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Cynics in Modern Times
Christopher Konrad (Edith Cowan University, Australia)




She catapults off the railing, nose ring and aptly torn stockings
one chewing gum short of the stereotype
smoke in hand, gives her boy arms flung around his neck:
all the bustle of the adolescent breviary

This scene soon fades and a Friday full of familiar vignettes follow:
clouded over, gulls circling, swooping
the city kick starts for one more go
Still they’re out there, the office chicks, apparatchiks
and stressed out managers: a clump of kids hanging around

A dark clutch of Indian Ocean cloud is clearing
some sun and blue sky breaking through: one of those autumn equinox days
pigeons picking at scraps, maybe distant rels of those that scabbed
around Diogenes’ feet
as he brown-eyed the high-brows of his day, maybe just before
he asked Alexander to get out of the sunlight

A gaggle of school kids scrabbles past, following mother teacher
A tourist veil wearer sits nearby reflecting over the pool of her own coffee
maybe going over the current list of various international laws against her
piece of cloth: mobiles, MP3s and other e-devices splice into the streetscape
Pigeons and gulls anchor the feather and stone of the place

Italy is in a crisis up to their three trillion Euro-debt ears

Diogenes, the homeless guy, picks up a discarded butt and coaxes it back to life
Tourists haven’t changed much either, arriving for their blessings or to cast
a curse into the river            The in-between of it all
the from-then-till-now and its leaf, sky and people noise:
the scowl, glimmer, glare and that kid on the railings
The this-too-will-be-one-day-weeded over of it all

I wondered what the veil wearer made of it
recouping her thoughts as she looks up at me watching her



There’s a tourist falling from the Medina Hotel on Barrack Street
I think he’s Japanese, no, that was yesterday
Today I think she’s Iranian: I’ve seen them falling before
like drops of human water from a watering can

What will the letters home say: Aisha fell today

Her name it means living and prosperous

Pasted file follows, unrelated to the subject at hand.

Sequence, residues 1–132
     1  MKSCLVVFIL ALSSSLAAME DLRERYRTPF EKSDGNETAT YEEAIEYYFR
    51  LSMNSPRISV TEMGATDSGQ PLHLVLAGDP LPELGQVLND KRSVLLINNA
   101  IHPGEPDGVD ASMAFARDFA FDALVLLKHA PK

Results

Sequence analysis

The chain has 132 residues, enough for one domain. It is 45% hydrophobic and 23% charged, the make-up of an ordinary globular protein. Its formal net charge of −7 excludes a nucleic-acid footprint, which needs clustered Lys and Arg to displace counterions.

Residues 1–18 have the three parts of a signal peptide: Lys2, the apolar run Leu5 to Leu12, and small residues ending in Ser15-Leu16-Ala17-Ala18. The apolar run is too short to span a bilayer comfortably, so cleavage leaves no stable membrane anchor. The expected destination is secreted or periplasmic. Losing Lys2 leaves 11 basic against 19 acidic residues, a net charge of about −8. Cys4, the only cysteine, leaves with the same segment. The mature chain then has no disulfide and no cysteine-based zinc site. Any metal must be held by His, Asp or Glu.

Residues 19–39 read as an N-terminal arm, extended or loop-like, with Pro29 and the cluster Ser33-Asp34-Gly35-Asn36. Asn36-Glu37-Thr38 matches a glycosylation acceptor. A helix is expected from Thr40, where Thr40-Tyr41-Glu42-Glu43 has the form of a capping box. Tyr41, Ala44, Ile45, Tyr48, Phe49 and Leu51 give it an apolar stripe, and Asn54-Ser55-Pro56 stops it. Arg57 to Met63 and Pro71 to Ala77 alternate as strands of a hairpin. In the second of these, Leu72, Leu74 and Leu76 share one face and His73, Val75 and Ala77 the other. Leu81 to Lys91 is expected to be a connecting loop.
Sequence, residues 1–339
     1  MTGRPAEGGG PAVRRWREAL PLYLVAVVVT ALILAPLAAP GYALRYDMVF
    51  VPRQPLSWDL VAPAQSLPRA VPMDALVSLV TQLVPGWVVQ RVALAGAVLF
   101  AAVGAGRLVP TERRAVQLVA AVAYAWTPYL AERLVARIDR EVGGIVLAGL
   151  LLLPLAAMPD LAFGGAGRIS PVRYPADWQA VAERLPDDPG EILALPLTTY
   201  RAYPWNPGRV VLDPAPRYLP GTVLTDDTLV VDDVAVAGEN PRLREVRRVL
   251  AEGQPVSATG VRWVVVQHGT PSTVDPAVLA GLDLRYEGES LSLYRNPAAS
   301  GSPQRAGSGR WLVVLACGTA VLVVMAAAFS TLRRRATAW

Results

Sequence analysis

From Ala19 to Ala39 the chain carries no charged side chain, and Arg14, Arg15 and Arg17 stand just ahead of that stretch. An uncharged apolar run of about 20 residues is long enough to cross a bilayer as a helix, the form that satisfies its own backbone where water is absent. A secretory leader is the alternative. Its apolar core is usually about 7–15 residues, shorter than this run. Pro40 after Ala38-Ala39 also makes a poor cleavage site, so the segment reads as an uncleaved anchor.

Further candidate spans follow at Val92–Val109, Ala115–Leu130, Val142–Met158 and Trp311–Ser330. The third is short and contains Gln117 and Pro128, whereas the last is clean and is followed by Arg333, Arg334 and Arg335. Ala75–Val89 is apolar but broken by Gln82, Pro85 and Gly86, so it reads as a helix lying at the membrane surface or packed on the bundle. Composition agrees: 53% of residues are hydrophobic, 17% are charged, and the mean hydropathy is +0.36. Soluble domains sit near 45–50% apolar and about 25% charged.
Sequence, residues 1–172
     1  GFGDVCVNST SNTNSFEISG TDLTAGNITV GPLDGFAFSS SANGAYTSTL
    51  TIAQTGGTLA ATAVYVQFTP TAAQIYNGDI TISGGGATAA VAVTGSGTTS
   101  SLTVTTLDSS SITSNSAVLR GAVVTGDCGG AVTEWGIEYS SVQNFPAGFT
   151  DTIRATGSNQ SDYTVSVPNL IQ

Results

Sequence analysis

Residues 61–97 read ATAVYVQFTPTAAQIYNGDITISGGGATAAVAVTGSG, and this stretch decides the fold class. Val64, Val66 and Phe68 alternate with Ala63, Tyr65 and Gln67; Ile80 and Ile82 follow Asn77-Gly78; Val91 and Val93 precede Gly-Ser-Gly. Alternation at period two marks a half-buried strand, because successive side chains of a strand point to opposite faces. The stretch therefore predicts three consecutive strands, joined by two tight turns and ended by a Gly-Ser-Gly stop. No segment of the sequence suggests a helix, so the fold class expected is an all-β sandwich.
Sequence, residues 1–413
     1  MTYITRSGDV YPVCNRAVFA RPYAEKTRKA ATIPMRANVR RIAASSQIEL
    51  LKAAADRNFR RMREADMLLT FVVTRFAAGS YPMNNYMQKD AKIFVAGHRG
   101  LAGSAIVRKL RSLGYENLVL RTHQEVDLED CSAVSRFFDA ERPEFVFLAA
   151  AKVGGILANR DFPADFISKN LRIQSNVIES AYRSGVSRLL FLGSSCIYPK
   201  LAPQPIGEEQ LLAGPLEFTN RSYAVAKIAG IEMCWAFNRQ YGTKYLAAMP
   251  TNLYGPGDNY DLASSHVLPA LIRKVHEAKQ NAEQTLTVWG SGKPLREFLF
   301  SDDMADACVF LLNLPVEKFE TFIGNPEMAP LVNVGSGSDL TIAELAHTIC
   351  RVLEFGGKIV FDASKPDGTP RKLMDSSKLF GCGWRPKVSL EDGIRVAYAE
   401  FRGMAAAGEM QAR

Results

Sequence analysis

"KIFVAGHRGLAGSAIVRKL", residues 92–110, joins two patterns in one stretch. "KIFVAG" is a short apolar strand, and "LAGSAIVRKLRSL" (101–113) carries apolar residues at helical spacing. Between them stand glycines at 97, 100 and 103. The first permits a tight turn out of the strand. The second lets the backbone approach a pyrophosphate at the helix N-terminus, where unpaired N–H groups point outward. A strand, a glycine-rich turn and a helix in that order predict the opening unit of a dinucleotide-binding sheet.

it would mean the same in another mining town
The Great Western Desert too brings its oil only in rock form

Aisha was only passing through Perth
heading to the more exciting towns on the east coast
(her husband would stay longer to sample the glitter of the West)
he would stay to soak up this refulgence hanging over the Indian Ocean
this recuperation from English occupations and Southeast Asian excursions

Aisha only today sat at a local cafe in the mall writing a letter
Some western guy was looking at her in a suspect way
pretending to write something: some local western kids
disrespectful as ever                Her letter ended abruptly
like she had run out of things to say, but not before she relayed
the latest injunctions on the veil and how a woman wearing the Burqa
was made to remove it in court and how the papers are saying the first fines
are being handed out in France to women wearing Niqabs

Aisha’s thinking about the Circular Quay and the Opera House:
how terrible it would be to fall from a hotel window
like the guy she read about the other day and how it would be a sin
if she did so deliberately       It did not matter, she would be on the plane tomorrow

That is insha’Allah



Christopher Konrad has lived in the hills around Perth pretty much his whole life. He works currently with the new and emerging communities. Recently completed a PhD in creative writing at Edith Cowan University, Perth. Chris has had a new bunch of poems published with two other WA poets in an anthology called Sandfire (2012) and in many journals and online zines. He was the winner of the Tom Collins Prize in 2009 and the Creatrix Prize (WA) in 2009.

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